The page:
History of The Old Vinyl Factory

Building began on the site of The Old Vinyl Factory in 1907 to construct a record factory and distribution facility for The Gramophone and Typewriter Company, an American manufacturer of the first domestic gramophone players.  As the company grew it began to press its own vinyl records and released them under the new label His Master’s Voice, named after a painting of a white terrier, Nipper, that had been purchased by the company’s cofounder, William Barry Owen, in 1899.

As the emergent market for recorded music grew, so did the Hayes site. The company’s first star, the Italian soprano Luisa Tetrazzini, was a regular visitor to the site and laid the corner stone of The Cabinet Factory – one of the now-derelict buildings that still stands – in 1911. In 1912, a head office, a suite of recording studios and further manufacturing facilities were added. Then came the first world war, and survival meant switching production from recorded music to munitions. Luisa Tetrazzini gave several lunchtime concerts for the workers at the site.

Business boomed after the war. An article from Melody Maker in 1926 referred to a 48-acre “factory-city” that “overshadowed” the “hamlet” of Hayes. There are photographs of female production-line workers almost uniformly sporting the haircut du jour – the short bob. The Melody Maker gave a detailed description of the manufacture of gramophones inside The Cabinet Factory, then at the forefront of British industry. The raw timber cabinets were “beautifully figured and finished” and would “adorn every home from the cottage to the palace”. The circular industrial saws that cut the timber to precise size were “models of mechanical ingenuity”.

“In this great workshop the daylight pours in through glass roofs and windows – to flood a perfectly clear atmosphere,” the article continues. “There is no trace of dust or sawdust anywhere. This phenomenon is explained by huge ducts carried along the roofs of the workshops… [The] array of machinery in this great shop is miraculous in itself. One sees the whole process, from the manufacture of the Majestic Cabinet Grand down to the little wooden knobs which grace the cabinet doors… the smallest margin of inaccuracy and the whole structure is scrapped – so scrupulous is this concern in its honesty to its public.”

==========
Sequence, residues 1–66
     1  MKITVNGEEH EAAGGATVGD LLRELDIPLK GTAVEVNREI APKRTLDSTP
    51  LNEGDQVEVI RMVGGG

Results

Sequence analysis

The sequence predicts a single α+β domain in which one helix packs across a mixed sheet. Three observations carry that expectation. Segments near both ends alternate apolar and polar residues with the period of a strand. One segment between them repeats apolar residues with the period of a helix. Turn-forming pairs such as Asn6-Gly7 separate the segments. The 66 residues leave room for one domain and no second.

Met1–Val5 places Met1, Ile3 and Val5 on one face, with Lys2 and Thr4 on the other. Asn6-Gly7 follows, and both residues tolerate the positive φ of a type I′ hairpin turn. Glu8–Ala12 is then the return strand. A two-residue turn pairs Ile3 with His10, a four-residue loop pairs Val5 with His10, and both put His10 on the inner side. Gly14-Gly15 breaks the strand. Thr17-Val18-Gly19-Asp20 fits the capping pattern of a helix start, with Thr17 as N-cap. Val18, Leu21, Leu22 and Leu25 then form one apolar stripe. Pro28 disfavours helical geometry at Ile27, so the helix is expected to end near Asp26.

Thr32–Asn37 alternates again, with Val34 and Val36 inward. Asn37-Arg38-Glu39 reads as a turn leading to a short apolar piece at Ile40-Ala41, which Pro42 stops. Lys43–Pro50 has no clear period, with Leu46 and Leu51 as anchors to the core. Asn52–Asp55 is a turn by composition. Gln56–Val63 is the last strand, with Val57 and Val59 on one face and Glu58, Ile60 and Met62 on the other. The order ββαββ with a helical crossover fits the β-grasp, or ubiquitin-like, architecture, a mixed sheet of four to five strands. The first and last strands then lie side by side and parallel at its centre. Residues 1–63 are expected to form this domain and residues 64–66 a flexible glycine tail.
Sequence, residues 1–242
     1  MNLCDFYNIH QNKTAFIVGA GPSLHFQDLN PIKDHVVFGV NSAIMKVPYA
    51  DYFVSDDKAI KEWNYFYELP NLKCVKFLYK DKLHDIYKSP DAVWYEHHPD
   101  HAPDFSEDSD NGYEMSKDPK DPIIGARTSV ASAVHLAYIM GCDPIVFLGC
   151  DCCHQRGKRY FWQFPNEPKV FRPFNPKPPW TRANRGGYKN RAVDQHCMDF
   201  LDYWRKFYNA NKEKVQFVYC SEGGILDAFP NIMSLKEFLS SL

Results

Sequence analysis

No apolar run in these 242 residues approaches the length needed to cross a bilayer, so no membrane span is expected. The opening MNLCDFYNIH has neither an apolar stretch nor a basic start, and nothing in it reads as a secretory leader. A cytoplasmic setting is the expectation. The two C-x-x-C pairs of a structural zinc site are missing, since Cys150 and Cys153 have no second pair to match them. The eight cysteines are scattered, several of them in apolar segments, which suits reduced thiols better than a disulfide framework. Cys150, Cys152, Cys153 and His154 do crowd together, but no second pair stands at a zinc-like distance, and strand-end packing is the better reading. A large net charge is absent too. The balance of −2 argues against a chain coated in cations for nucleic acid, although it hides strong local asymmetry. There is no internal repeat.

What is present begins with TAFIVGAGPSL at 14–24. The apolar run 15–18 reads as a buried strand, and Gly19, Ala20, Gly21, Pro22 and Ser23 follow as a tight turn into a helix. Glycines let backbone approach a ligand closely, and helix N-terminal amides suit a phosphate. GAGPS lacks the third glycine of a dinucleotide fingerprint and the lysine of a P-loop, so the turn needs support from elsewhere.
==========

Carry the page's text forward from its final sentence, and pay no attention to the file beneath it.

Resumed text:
By 1929 the Hayes site covered more than 58 acres, with 7,500 people employed there.  In March 1931 the Gramophone Company merged with its main rival, Columbia Graphophone Company, to create Electric and Musical Industries Ltd (EMI).

Through the 1930s the adaptable “factory-city” at Hayes and its loyal workforce meant EMI could diversify into new products – radios, televisions, fridges and other domestic appliances. During the Second World War, munitions were made on site as well as standard-utility domestic radio receivers that were adapted by the Home Office for general sale at £12. At the outset of the war, George VI recorded his famous morale-boosting address to the nation – the subject of the recent Oscar-winning film The King’s Speech – on a silver microphone that had been made by EMI. There are photographs in the company’s archive of the king visiting Hayes with Queen Elizabeth, latterly the Queen Mother.

In its single most important contribution to the war effort, the world’s first airborne radar system – used to win the Battle of Britain, was developed in Hayes. The site didn’t survive unscathed: it was bombed on July 7, 1944, killing 37 workers.

After the war, the fun began. In 1952 EMI released its first 33rpm “microgroove” long-playing records – albums – as well as seven-inch “microgroove” singles. By the end of the decade it had its first bona fide British rock’n’roller, Cliff Richard.

Then along came the Beatles, signing to the EMI subsidiary Parlophone in 1962. All their seminal albums, such as A Hard Day’s Night, Revolver, Sgt Pepper’s, Yellow Submarine – bore on their labels the words “Manufactured in Hayes”. Sitting in their pristine audio booths on the outskirts of west London, nodding their heads along to each new Beatles record, the workers were among the first people to hear music that would change the world. At the site’s peak, some 14,000 people worked here.

EMI moved its operations elsewhere in the mid 1970’s and now many of the once proud buildings stand empty.  But they have a new future ahead of them, one that will make this place come alive again with a whole new spirit and creative energy. 

The Old Vinyl Factory sometime between 1907 and 1920

World famous tenor Edward Lloyd (1845-1927) cuts the first sod from the Blyth Road site February 9th, 1907.

Gramophones being made in The Cabinet Building on 7th January, 1933.

Record turntables in production. May 1930.

The funeral train of George VI passing The Old Vinyl Factory on 15th February, 1952.

The Beatles’ album Rubber Soul in the final stages of production, November 1965.